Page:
Jordan sends two to jail over plan to attack Israeli forces

Jordanian court sentences two men to 10 years in prison for planning attack against Israeli forces on Jordan-Israel border.

Ben Ariel,

Israeli-Jordanian border in Aqaba
Israeli-Jordanian border in Aqaba
iStock

A Jordanian court on Wednesday sentenced two men to 10 years in prison with hard labor for planning an attack against Israeli forces on the kingdom's border with Israel, AFP reports.

The state security court in Amman ruled that the men, Jordanians both in their twenties, had planned to target Israeli soldiers with a Kalashnikov assault rifle and a pistol.

They had hatched the plan last year after US President Donald Trump announced his controversial decision to recognize Jerusalem as capital of Israel, sparking outrage amongst Palestinian Arabs, a court document said.

One of those convicted planned "to carry out an armed terrorist operation... after (Trump's) decision to move the American embassy to Jerusalem and over the abuses against Palestinians by the Israeli army," it said, according to AFP.

The two men from the city of Madaba, located 30 kilometers (20 miles) south of Amman, admitted they had also planned to open fire on Jordanian forces if they were intercepted, the charge sheet said.

They were intercepted by Jordanian border guards in May of last year, before they could cross the border and reach Israeli forces.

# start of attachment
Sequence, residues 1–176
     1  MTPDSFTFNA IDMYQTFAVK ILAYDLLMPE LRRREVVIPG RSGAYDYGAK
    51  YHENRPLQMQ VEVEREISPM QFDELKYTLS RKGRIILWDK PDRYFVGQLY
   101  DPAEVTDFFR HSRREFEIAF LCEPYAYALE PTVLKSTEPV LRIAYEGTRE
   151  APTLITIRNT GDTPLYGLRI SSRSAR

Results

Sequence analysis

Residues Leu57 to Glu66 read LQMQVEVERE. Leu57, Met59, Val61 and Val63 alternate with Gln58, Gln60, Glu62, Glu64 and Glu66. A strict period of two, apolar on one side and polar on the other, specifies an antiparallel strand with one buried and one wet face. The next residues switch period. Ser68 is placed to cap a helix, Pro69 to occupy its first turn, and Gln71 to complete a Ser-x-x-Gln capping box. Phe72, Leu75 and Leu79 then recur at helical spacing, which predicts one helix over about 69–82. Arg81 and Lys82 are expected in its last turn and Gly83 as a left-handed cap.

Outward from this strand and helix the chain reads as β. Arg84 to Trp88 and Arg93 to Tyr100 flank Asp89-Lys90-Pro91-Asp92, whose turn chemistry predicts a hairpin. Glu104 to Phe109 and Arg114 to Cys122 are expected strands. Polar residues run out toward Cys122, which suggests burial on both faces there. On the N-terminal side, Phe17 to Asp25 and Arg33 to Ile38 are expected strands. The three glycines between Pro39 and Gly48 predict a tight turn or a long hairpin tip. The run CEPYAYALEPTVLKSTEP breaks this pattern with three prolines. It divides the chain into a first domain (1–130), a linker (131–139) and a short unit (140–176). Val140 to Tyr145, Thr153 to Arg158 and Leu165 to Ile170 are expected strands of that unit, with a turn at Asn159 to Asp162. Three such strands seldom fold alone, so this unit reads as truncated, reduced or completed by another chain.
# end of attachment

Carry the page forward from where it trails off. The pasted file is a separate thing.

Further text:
Jordan is one of two Arab countries, along with Egypt, to have a peace treaty with Israel.

Despite the treaty, the country’s parliament, which is made up mostly of Islamists, remains anti-Israel and its members have more than once called to annul the peace treaty.

In 2017, the Jordanian parliament approved a proposal to establish a committee to reevaluate all formal ties with Israel, including the peace agreement. That proposal does not necessarily mean that the peace accords with Israel will be annulled, as such a decision requires the approval of the government, the royal palace and the council advising the king.

In addition, the treaty is opposed by many Jordanians who often protest in calls for the deal to be annulled.

Jordan has also been targeted by several terrorist attacks in recent years, particularly since it became a leading member of the US-led coalition fighting the Islamic State (ISIS) in Iraq and Syria.

At least one hundred detainees have been sentenced to death in Jordan in recent years, many on charges related to membership in Islamist groups, who could face capital punishment.

Last November, a Jordanian court sentenced 10 people to prison terms of between three years and life in connection with a deadly 2016 attack claimed by ISIS.




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